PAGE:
Sonoma County roads will get much needed work done this summer.  The Press Democrat reports construction crews will target 50 miles of county roads as part of a $29 million program.  The Sonoma County Department of Public Infrastructure plans to resurface many roads next year and in 2025.  Funding comes from the Pavement Preservation Program, the Fire Damage Recovery Paving Act and from the county budget.  Parts of those funds come from a PG&E settlement over the 2017 firestorm.  They need to invest about $48 million per year to improve roads in the county, according to the Sonoma County Long-Term Road Plan.  They’re off to a start, but it may not be enough.

A group in Mendocino County is working to boost economic development locally.  The organization called “Keep it Local” met for its second meeting on Tuesday.  During the group’s first meeting, they discussed incorporating Mendocino as a city and working with the Mendocino Historical Review Board.  In MendoVoice online, “Keep it Local” aims to focus local control of businesses, instead of far off investors.  This weeks meeting included speakers involved with the Grocery Outlet in Fort Bragg.  The group also discussed working with county officials. The group hopes to see upgrades to services for the people who live there as well as tourists who visit.  The effort to preserve local ownership continues as the group works through high costs and the long-term economic outlook for Mendocino County.

The cost of insulin is the target of work in California to help those who need it, get it.  In the last two decades, the price of insulin has increased by 600 percent.  California lawmakers have introduced bills targeting the out of pocket costs for all drugs.  The Attorney General is suing the largest insulin manufacturer and pharmaceutical managers alleging unfair business practices. Governor Newsom has announced a state contract with a generic drug company to help diabetic residents. Around 37 million in the US, and about 3 million people in the state need insulin to live, according to CalMatters.  The federal government has imposed price caps that prompted the drug manufacturers to drop prices to $35, but in a Senate hearing last week, some pharmaceutical companies say they can’t commit to keeping those prices.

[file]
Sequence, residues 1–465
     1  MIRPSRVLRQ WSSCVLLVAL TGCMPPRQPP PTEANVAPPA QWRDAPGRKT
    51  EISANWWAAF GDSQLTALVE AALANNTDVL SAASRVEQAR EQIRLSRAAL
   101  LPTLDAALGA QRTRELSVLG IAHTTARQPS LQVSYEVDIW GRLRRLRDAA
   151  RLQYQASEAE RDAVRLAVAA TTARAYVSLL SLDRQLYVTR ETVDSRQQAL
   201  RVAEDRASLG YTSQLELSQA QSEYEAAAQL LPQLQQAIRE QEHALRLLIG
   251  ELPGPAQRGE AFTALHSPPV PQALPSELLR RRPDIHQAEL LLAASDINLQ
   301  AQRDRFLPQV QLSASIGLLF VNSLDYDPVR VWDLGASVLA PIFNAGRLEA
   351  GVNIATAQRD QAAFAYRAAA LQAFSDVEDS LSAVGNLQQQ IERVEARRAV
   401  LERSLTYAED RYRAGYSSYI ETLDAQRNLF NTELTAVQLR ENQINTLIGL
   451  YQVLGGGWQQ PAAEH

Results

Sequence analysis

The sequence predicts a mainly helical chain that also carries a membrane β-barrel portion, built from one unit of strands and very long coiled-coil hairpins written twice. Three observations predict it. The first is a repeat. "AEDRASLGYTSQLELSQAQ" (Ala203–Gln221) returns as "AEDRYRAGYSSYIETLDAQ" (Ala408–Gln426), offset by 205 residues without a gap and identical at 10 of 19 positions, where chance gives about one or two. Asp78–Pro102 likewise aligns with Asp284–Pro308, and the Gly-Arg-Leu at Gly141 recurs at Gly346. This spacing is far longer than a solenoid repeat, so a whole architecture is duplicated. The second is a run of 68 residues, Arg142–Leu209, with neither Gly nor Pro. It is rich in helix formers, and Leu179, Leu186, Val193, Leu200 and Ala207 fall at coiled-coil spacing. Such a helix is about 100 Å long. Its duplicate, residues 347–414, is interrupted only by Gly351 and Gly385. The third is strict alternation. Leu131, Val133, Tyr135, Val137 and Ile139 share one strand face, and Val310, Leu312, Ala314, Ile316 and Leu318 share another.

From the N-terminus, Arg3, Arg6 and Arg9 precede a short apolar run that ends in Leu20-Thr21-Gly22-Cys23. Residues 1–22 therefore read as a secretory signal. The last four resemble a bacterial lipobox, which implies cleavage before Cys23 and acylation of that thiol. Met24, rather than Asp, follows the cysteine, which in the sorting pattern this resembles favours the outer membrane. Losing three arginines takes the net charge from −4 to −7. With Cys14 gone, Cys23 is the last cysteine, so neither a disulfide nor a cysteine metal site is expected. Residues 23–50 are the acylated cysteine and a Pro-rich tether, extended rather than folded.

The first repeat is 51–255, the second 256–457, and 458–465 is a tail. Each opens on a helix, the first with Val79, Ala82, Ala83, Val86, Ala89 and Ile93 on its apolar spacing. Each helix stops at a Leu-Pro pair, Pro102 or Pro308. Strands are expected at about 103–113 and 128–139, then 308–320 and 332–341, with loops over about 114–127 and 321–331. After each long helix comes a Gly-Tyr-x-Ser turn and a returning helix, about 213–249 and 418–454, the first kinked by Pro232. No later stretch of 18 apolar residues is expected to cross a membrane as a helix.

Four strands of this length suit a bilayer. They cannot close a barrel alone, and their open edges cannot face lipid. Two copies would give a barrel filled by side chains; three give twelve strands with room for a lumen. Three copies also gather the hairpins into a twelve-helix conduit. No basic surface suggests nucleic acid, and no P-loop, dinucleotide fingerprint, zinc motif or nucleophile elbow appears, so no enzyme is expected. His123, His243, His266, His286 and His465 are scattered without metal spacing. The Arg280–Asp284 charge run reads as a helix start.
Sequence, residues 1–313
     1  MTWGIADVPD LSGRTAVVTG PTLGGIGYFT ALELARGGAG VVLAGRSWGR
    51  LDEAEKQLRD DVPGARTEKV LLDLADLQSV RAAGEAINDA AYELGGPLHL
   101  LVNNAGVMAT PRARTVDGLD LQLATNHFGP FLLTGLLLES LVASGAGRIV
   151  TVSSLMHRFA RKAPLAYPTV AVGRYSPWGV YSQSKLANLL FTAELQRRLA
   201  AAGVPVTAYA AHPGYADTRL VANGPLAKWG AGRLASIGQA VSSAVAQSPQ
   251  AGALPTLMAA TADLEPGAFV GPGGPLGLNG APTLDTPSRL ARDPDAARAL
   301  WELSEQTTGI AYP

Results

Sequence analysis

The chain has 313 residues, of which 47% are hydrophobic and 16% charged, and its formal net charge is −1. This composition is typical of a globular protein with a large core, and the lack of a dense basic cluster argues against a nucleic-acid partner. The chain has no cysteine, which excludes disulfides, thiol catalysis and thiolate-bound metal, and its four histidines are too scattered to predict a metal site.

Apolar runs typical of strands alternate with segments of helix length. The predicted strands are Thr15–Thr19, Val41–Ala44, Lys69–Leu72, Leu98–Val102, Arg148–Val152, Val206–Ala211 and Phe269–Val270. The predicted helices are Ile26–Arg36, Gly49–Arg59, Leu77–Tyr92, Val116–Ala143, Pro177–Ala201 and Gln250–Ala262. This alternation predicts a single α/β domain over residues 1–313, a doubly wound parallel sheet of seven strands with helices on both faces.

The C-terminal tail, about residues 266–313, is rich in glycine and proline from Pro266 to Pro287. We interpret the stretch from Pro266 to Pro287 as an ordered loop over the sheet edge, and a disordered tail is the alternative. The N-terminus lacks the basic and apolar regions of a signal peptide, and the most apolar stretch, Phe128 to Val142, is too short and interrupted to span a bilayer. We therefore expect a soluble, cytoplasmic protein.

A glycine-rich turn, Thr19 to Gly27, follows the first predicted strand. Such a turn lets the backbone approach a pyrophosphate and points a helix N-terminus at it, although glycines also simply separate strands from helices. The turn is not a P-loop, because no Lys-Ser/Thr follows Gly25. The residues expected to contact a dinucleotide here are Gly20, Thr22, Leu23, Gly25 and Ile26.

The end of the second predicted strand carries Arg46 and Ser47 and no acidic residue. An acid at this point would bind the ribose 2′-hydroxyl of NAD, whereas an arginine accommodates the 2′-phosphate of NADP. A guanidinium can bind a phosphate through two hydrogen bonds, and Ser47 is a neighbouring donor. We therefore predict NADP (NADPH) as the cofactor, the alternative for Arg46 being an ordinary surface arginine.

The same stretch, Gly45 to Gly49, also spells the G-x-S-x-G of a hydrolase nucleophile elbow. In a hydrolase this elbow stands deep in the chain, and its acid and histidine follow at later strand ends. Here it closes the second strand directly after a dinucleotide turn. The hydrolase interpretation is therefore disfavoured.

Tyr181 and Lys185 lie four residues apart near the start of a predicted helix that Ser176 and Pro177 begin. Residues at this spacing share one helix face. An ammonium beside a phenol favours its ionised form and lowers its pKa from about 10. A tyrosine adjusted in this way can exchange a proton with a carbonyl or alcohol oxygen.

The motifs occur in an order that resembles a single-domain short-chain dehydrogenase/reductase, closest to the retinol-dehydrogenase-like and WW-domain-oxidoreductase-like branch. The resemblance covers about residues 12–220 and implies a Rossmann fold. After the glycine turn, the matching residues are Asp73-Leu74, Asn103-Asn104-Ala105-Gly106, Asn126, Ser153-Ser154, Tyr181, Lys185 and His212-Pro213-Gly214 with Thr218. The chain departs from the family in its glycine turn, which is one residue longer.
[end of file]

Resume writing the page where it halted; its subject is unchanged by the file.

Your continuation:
The Mendocino County’s annual Mendo Pride event is happening this weekend. This year is the first time the event will take place in Hopland, according to MendoVoice online. The LGBTQ + community event will happen on Saturday, May 20th. The vendor fair starts at 1pm, and at 6pm Hopland Tap will host performers in a contest. Proceeds from Mendo Pride will benefit the Ford Street Project Community Food Bank. The food bank, based in Ukiah, distributes thousands of pounds of food, five days a week, to community members needing support.

The California Speedboat Association will host the Buckingham Test and Tune this weekend.  The Lake County news reports classic cars and custom boats are returning for the event after a COVID hiatus.  It all starts Saturday at 9am with vintage and historic speedboats.  There will be an award ceremony with handcrafted trophies at the Buckingham Golf Club and Community Center for the event.

The Jackson Demonstration State Forest has listed roads closed for the summer.  The Department of Forestry and Fire Protection announced that starting next week Road 240 will close for logging, maintenance and repairs.  There are multiple roads and campsites that may be temporarily closed due to hazardous conditions and timber operations in the forest. Officials are asking residents to check the JDSF website for the closures, permits and more.  

Governor Newsom sent a letter to House Speaker McCarthy warning of dangerous flooding as the state’s snowpack begins melting down the mountains.  The governor said immediate action is needed.  Last week, the governor’s budget proposal marked funds for infrastructure, but more is needed.  Newsom used terms of urgency saying people are in a path of destruction.  He said House Republicans refused to act on their request from a month ago and instead pushed for cuts to local infrastructure projects.  According to the Hill, the governor says the state has spent millions to try to reduce the likelihood of disaster.

California’s weather continues to surprise.  The driest years happened from 2020 to 2022, breaking records, according to the Bay Area News Group. After a parade of atmospheric rivers, reservoirs are full and wildfire risk is lower, for now.  The Sierra snowpack is at its highest level in 4 decades.  In December, 80 percent of the state was in severe drought.  By April the state ended the drought emergency.  And as residents recover from weather whiplash, people in the Bay area may see smoke from the Canadian wildfires as a high pressure system approaches Northern California.  

A quarter of kids in child care centers are drinking dangerously high levels of lead.  The information, released by the California Department of Social Services reveals thousands of the California’s youngest are exposed to the brain damaging metal.  In the LA Times today, lead was found in 1,700 child care centers licensed by the state.  It is the first time that the facilities have been required to test for lead with the worst levels exceeded 2,000 times the limit.  Lead damages brains and nervous systems and impairs development.  According to the state, facilities must immediately stop using the tainted water.  The latest tests happened after a bill was passed in 2018 requiring state licensed centers to monitor for lead.  New legislation is aimed at helping schools and child care centers to clean up their drinking water systems. Assembly Bill 249 would also require the state to allocate $5 million annually to pay for water efficient facets and fixture fixes.